When the Soviet Union collapsed, Piotrovsky says, much of the city’s economy, based primarily on defense factories, collapsed as well. Scheduled state subsidies failed to arrive. The Hermitage struggled. “The fact that the city survived and is now in a position of a little more stability is, in large part, thanks to its cultural institutions.” Once a city of power, St. Petersburg has now become a city of art.
In a cramped basement not far from Arts Square—a complex that includes the St. Petersburg Philharmonia and the RussianMuseum—St. Petersburg’s transition to capitalism can be seen in an unlikely venue. From 1912 to 1915, the cellar housed the Stray Dog Café, which played a role in Russian literary life not unlike that of the Algonquin Round Table in American letters.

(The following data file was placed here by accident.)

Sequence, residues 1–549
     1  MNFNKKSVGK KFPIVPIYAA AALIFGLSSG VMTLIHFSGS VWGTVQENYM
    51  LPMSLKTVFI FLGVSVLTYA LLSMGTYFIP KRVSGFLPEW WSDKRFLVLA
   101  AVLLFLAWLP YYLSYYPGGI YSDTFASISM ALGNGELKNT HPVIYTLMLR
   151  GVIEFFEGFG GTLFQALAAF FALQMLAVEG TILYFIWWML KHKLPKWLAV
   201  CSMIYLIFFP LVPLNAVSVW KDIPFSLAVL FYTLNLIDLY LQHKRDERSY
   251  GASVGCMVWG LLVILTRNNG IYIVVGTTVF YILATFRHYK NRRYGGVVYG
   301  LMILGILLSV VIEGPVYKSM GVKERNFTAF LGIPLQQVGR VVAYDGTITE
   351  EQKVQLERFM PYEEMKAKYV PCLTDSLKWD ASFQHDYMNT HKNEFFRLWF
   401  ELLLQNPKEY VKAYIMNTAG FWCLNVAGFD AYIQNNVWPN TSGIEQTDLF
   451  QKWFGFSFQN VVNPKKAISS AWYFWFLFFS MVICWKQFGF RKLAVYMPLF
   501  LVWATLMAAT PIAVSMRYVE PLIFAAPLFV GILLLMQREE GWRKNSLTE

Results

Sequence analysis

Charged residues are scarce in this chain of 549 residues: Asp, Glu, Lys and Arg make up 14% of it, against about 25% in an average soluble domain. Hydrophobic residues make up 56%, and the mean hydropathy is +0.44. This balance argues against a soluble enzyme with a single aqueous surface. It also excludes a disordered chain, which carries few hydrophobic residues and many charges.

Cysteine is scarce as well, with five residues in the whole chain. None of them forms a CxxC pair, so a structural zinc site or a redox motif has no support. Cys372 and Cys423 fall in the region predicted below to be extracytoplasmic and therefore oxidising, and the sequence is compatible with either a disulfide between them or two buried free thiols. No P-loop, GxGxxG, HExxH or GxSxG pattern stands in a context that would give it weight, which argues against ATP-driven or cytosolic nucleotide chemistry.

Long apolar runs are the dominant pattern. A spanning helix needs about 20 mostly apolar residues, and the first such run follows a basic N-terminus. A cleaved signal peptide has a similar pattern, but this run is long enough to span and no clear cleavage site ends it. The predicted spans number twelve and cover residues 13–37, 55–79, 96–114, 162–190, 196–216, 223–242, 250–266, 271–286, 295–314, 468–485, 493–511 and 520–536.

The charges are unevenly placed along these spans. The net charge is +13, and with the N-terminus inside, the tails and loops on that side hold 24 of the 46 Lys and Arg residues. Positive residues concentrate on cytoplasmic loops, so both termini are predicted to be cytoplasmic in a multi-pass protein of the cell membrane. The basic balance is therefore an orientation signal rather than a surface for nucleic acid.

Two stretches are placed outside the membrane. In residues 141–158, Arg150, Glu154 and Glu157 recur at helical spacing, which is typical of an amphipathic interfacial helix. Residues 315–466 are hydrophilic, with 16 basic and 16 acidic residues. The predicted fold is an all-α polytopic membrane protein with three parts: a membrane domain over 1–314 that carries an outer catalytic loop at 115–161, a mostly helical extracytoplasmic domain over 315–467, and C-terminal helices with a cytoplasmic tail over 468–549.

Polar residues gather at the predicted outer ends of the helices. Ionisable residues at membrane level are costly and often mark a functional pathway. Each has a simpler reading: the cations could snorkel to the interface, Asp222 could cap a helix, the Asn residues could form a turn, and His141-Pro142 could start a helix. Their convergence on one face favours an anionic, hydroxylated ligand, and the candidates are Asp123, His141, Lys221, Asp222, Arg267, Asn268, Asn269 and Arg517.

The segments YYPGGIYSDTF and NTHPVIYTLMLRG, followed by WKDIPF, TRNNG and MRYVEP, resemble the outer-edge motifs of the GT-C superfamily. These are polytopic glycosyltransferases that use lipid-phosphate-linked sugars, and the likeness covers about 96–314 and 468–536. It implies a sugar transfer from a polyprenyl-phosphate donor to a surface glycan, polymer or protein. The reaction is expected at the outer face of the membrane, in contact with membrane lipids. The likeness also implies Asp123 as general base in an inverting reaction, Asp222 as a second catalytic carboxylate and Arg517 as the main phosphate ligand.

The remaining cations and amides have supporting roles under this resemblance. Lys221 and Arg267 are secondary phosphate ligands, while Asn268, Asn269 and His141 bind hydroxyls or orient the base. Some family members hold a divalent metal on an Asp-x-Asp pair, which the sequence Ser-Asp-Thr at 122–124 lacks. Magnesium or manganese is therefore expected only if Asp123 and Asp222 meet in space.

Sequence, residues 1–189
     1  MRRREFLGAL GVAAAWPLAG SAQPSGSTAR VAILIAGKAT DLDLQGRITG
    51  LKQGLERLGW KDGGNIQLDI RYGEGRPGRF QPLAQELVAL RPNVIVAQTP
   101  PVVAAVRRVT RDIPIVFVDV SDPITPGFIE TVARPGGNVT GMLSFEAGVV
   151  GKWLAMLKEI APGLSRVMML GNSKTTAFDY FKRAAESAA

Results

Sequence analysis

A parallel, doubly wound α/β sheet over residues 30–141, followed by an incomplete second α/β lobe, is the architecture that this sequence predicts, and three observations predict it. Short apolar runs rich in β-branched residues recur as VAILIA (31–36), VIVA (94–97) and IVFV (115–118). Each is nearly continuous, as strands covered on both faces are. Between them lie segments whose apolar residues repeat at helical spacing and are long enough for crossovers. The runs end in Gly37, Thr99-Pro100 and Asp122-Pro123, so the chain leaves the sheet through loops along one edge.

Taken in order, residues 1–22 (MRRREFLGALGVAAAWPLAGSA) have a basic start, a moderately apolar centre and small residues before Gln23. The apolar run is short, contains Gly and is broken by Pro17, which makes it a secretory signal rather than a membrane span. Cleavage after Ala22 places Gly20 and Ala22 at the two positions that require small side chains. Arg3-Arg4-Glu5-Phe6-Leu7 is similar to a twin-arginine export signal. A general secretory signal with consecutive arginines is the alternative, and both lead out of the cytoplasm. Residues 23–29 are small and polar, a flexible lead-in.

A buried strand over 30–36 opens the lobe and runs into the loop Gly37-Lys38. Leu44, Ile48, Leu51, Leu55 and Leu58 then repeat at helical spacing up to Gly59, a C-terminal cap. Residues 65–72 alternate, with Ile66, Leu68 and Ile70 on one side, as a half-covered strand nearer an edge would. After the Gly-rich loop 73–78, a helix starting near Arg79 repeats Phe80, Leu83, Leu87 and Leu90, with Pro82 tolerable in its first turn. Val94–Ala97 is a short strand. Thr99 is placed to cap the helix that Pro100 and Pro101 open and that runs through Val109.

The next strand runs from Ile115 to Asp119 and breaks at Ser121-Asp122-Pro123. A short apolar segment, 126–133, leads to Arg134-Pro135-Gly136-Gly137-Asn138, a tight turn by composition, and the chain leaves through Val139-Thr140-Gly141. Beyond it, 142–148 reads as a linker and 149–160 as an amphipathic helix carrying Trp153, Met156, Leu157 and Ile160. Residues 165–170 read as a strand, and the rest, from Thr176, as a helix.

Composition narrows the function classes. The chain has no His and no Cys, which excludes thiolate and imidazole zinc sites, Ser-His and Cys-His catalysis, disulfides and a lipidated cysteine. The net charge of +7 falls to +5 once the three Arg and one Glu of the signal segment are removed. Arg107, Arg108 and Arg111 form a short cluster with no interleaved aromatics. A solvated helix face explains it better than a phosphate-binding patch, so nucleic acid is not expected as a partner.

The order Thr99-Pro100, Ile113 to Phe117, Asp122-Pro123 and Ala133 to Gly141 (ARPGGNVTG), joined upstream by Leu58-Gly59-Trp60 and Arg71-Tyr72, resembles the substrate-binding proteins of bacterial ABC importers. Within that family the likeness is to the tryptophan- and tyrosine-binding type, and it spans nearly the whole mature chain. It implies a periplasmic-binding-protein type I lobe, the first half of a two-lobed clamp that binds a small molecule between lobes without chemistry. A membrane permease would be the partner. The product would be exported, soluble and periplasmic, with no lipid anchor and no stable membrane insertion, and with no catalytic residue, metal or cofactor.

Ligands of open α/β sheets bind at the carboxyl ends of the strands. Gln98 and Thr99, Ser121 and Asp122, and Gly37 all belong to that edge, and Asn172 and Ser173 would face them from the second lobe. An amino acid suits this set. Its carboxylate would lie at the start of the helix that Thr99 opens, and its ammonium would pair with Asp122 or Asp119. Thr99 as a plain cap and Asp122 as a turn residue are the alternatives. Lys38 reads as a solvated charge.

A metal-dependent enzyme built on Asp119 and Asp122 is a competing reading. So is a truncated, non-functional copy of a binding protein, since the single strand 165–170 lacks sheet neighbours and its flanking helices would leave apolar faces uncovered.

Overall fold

Night after night, the legendary poet Anna Akhmatova sat in a corner there surrounded by admirers, smoking cigarettes and drinking coffee as black as the slinky dresses she wore to recite her verse.
Through the harrowing years of World War I, Akhmatova came to personify St. Petersburg’s endurance. One by one, her loved ones, victims of war or of the Russian Revolution, were killed or sent to the Siberian gulag. Through it all she continued to write. Sometimes, rather than risk setting a poem on paper, she committed it to memory, reciting fragments to a few trusted friends, who memorized their stanzas, waiting for the day when it would be safe to reassemble and publish the verse.
Among the poems Akhmatova, who died in 1966, left behind is one about the Stray Dog Café: